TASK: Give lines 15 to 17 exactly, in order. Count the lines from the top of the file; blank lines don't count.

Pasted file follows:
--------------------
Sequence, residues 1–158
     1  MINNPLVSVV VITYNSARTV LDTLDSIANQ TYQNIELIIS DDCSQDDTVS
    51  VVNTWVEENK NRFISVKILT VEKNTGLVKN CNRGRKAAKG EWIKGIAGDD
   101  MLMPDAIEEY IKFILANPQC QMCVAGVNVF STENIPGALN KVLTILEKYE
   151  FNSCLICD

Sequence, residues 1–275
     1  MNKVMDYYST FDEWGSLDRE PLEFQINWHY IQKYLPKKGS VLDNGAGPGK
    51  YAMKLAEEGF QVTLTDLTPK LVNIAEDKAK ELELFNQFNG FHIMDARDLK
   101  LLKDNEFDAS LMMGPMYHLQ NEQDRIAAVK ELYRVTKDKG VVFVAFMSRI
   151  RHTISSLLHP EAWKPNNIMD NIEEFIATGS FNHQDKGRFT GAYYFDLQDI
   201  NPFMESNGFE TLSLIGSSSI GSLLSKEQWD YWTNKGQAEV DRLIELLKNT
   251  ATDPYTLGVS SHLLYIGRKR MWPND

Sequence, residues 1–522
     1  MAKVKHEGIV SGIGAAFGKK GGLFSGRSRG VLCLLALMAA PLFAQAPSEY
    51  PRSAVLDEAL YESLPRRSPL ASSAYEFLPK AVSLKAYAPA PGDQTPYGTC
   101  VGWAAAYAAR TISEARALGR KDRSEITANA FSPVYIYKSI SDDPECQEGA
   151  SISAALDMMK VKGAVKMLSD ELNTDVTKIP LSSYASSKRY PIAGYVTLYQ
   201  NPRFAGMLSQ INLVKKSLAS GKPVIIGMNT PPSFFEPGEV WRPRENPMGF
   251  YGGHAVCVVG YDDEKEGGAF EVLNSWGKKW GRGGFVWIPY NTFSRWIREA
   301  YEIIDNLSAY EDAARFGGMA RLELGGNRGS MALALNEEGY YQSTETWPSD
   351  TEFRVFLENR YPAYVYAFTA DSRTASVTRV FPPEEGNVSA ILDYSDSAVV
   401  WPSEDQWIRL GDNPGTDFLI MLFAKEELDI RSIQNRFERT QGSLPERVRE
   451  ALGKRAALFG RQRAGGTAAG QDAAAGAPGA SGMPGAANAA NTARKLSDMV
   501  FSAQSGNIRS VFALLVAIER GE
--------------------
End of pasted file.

    51  PRSAVLDEAL YESLPRRSPL ASSAYEFLPK AVSLKAYAPA PGDQTPYGTC
   101  VGWAAAYAAR TISEARALGR KDRSEITANA FSPVYIYKSI SDDPECQEGA
   151  SISAALDMMK VKGAVKMLSD ELNTDVTKIP LSSYASSKRY PIAGYVTLYQ